I grew up in Milford, New Hampshire – a place known for its annual Pumpkin Festival and ironically triangular “oval” town center. I attended the public schools there and was most interested in the engineering classes available at the high school level. When senior year came around, I had a free block in my schedule that fit perfectly with a course called Career Focus Internship. At the time, I was fortunate enough to know I liked engineering and wanted to explore it further. This, combined with my general curiosity of bridges, had led to a decision: a civil engineering internship with bridge focus. My teacher had some work cut out for him, searching the Southern New Hampshire area for a civil engineering company that would have me tag along for a few hours a week until the fall semester was over. Hoyle Tanner was the company that said “yes,” confirming the first opportunity of real-world engineering experience in something I was so curious about. I was honestly really excited… and also a bit scared.
My parents were considered blue-collar with no formal higher education and barely high school diplomas. I remember vividly my mom helping pick out her nicest “office worthy” clothes in my size just so I could attempt to match the business attire. It was quite intimidating going into a professional place, alone, unsure of the expectations, wearing uncomfortable dress shoes, and definitely lacking the technical knowledge to be there. I remember meeting with Sean James, Josif Bicja, and Katie Welch. These three were there to guide me on small tasks and share the theory of bridge design with someone that hadn’t taken calculus yet. It was overwhelming but also exciting and still interesting. I enjoyed my internship experience at Hoyle Tanner and more so the people that were there for me along the way.
Katie kept in touch with me while I was at Worcester Polytechnical Institute (WPI). We even went out to eat a couple of times where I would share my dreading anxiety of differential equations next term and my failures in chemistry. She would then share her college experience and how she is doing in her career now. She was not a constant contact, but I knew she was always a text away with whatever concern or question I had. She was my first female engineering mentor, something so powerful I didn’t realize at the time that I am so grateful for years later.
After a hiatus of communication during the pandemic, Katie reached out to me in my senior year proposing to get dinner again. It had been a few years since we’d caught up; at 21, I could now meet her for a beverage. We talked like old friends and ended up staying until the restaurant closed. She shared that if I hadn’t had any work lined up for the summer that I could send my resume along to Sean and Josif and that they would love to catch up. Sure enough, I did.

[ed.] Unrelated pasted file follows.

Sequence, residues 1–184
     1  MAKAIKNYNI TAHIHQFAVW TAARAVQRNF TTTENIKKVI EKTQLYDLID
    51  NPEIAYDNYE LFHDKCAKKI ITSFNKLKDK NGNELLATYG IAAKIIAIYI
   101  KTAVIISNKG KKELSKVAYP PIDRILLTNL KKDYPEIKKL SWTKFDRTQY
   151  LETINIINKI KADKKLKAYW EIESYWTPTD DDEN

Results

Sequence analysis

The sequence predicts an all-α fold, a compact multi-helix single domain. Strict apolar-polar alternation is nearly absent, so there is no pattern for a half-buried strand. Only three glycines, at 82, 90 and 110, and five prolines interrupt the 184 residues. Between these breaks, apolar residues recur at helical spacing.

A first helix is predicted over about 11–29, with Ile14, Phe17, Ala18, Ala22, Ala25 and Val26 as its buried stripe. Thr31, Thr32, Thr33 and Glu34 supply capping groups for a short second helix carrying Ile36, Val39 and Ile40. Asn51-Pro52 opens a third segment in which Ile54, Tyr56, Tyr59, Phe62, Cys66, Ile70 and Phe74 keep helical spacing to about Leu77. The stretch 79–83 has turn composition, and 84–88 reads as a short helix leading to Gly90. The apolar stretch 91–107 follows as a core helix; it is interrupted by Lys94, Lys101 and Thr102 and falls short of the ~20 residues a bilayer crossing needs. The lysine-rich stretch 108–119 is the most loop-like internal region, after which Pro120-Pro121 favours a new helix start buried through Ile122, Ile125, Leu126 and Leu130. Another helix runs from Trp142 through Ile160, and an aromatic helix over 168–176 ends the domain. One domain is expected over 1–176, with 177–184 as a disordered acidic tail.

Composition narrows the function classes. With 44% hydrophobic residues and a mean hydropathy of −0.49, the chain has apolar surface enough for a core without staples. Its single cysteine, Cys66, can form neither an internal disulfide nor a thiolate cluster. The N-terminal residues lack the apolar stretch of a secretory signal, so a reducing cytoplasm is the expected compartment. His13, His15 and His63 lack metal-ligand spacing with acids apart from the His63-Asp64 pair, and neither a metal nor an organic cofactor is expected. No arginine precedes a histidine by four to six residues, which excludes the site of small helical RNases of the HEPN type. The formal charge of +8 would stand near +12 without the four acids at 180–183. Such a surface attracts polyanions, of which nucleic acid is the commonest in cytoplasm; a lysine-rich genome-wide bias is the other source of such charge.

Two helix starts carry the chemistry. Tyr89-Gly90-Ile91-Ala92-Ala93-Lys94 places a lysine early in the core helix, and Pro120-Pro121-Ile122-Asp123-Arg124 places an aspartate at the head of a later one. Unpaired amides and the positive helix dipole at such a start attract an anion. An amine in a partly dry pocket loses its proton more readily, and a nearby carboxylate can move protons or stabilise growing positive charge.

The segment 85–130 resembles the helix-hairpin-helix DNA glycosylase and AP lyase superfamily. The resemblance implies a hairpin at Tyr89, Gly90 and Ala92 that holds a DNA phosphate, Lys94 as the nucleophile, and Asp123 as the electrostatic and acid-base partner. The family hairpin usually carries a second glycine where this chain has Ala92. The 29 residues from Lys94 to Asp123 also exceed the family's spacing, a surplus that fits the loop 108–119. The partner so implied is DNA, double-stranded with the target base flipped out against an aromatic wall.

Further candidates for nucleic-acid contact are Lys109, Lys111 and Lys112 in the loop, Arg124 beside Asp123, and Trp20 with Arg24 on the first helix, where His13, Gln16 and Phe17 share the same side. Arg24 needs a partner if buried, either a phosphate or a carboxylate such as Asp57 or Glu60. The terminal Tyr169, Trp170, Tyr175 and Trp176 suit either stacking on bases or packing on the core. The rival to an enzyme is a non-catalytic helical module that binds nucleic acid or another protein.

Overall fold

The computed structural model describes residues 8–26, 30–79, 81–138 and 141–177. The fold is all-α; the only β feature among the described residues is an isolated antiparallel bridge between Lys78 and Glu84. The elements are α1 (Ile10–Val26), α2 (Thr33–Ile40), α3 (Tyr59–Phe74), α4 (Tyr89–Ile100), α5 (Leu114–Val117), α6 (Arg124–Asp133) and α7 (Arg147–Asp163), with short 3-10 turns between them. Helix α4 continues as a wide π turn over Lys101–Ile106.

Although I’ll admit, I thought about it for a while. I originally went to school in Massachusetts because I wanted to stay in Massachusetts, but Hoyle Tanner was headquartered in New Hampshire. I had already applied for other internships with a couple other companies headquartered in Massachusetts knowing that I was going to go for a master’s degree at WPI. All arrows were pointing away from Hoyle Tanner. But, I thought, I would still enjoy catching up with Sean and Josif since it had been so long. So, we talked. It was light-hearted and wholesome to talk with them again; I felt like a different person than who they once knew four years prior. A timid, unconfident, and shy highschooler was now a knowledgeable, social, and confident college student. Sean had then offered me a full-time position with Hoyle Tanner in their new Massachusetts office location and I just couldn’t say no. The arrows started all pointing towards Hoyle Tanner, and all the reasons to take the job started piling up:
I knew the people at Hoyle Tanner were caring and passionate about their work.
I knew the company itself was on the smaller side so there was room to grow with it.
I knew I wanted to stay in Massachusetts and now there was a new Massachusetts office!
I knew I wanted to continue my education at WPI and that Hoyle Tanner was accommodating with my working hours.
I knew I wanted to finish school as a full-time employee and that Hoyle Tanner would have education reimbursement.
I knew that if I had a concern at Hoyle Tanner, they would listen.
I knew the people I’d work with would support me to achieve great things.
I knew I’d learn so much more beyond my current understanding of structures.
I knew I would be a good fit at Hoyle Tanner and that Hoyle Tanner would be a good fit for me. It almost felt like fate.
So here I am, typing this up at my desk in the Chelmsford office during my lunch break on a random Monday, and I couldn’t be happier with my decision. Thank you, Katie, Josif, and Sean, for positively impacting my career at such a young age. And a shoutout to Deb Coon, Joe Ripley, Travis Gelinas, and Paul Dustin for also being around the Manchester office at the time – you all made it a welcoming and enjoyable experience for me then and continue to this day.